Why don't we take some of these contenders one by one: What do you think of Dominic Leblanc's chances?
If Trudeau dosn't run, LeBlanc probably will. He is able, fluent in both languages, with a strong base in Atlantic Canada. But he doesn't have much of a national profile as yet. Still, with Rae out, his name definitely moves up the list.
But readers might want to look at my column from this morning. I do think that whoever runs must be prepared to lose in 2015. The Liberals need a two-election strategy.
Frank McKenna has a great job at TD Bank, has been out of politics for years, and has uncertain French. I don't think he's a candidate.
And before you ask, John Manley has also hung up the gloves. Don't expect him to run.
As I mentioned earlier, if I had been defeated in the last election, as Mr. Kennedy was, I would think very long and very hard about whether I wanted to incur a campaign debt and give up a year of my life for a leadership bid that had almost no chance of success. First question for Mr. Kennedy: If you won, sir, how would you plan to get into the House of Commons? (Anyone know of a safe Liberal seat he could parachute himself into?)
Scott Brison would be a very interesting candidate. But he has emphatically ruled himself out of the race. He and his partner are adopting a child, who should arrive in their household next year. He plans to concentrate on that priority, and I, for one, salute him.
There is risk in everything. But if Justin Trudeau wants to become prime minister one day, he has to get his feet wet and his hands dirty. (That's a clumsy metaphor.) That means getting into the ring rather than just watching from the sidelines. (And now I'm mixing metaphors.) If he doesn't run now, he should make that decision knowing that it means he is unlikely every to become PM. At least that is my view.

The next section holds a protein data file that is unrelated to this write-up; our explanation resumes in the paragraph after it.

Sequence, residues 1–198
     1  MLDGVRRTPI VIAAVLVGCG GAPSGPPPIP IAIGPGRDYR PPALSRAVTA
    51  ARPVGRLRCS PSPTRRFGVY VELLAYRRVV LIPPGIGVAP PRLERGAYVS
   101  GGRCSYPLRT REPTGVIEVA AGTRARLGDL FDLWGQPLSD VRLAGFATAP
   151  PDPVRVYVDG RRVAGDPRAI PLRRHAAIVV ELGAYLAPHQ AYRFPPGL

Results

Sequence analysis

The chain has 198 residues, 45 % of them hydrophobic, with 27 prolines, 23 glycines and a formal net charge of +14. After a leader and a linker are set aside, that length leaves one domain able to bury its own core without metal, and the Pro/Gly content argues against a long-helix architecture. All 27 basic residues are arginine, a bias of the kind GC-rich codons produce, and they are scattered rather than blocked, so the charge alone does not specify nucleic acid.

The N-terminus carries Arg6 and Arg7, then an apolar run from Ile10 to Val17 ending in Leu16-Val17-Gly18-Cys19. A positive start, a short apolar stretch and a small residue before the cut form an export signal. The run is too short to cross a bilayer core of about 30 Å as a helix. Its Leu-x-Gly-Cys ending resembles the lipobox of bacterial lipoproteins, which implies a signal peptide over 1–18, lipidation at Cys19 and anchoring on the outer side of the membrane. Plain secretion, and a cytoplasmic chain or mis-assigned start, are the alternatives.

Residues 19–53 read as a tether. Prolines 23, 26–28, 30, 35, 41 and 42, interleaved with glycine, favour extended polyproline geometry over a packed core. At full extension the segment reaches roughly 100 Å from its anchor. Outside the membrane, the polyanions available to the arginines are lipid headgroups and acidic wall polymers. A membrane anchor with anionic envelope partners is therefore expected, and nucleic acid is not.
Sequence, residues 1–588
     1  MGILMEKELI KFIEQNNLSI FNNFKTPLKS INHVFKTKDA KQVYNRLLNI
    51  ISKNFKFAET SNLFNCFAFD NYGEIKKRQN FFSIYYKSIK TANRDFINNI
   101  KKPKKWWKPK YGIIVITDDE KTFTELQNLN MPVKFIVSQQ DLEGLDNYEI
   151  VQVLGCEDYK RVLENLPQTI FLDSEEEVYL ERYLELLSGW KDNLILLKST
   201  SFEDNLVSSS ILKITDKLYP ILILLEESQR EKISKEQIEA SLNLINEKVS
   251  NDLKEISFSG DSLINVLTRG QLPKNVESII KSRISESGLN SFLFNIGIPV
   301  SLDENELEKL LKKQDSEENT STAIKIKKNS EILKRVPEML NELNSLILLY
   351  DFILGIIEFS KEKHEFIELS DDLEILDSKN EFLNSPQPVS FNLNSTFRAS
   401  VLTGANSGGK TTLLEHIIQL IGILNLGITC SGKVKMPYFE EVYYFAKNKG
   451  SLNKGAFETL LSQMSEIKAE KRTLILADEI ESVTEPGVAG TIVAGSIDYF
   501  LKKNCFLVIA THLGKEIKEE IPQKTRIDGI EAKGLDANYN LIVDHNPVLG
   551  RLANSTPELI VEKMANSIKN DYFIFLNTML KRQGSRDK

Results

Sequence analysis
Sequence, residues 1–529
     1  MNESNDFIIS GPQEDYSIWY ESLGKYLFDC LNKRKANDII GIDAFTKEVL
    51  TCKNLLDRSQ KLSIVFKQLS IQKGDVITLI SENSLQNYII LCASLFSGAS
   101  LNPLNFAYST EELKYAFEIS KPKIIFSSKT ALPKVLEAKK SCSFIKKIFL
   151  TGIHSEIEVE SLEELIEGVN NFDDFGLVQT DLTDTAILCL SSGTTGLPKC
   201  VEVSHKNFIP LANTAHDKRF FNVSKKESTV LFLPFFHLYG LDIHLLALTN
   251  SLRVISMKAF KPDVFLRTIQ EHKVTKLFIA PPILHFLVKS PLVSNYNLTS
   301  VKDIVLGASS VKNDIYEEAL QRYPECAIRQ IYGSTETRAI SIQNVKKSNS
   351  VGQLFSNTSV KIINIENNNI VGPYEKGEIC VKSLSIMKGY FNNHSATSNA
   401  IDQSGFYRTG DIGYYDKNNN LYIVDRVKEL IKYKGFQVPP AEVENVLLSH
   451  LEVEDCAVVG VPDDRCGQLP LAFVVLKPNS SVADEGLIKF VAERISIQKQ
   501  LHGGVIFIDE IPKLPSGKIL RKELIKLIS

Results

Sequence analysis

Good question, Victoria. The next Liberal leader needs to have organizational chops. She needs to be willing to go into every riding, working to rebuild the membership base. He needs to speak to immigrant Canadians, who have abandoned the party for the Conservatives. And he or she needs to be able to put forward a vision that is bold without being doctrinaire. A tall order, I think you would agree.
He has said, on the record, that he believes he could contribute to the country as its leader, but that doesn't think this is the right time because of his commitment to his wife and children. As someone said recently, if you run to become prime minister without the firm support of your family, you'll lose your family. So I take him at his word when he says this is a great impediment.
An interesting point, Sam. Let me just remind everyone that Liberal party members will not be the only ones choosing the next leader. Under new rules, anyone who signs a declartion of support for party principles can vote. So the race could become something akin to a U.S.-style primary race.
Will the Liberals rally behind the next leader or is there too much division in the party?, asks Caroline. I have no answer, but I think that is the defining question over the course of this race.
Getting back to your point on the new rules...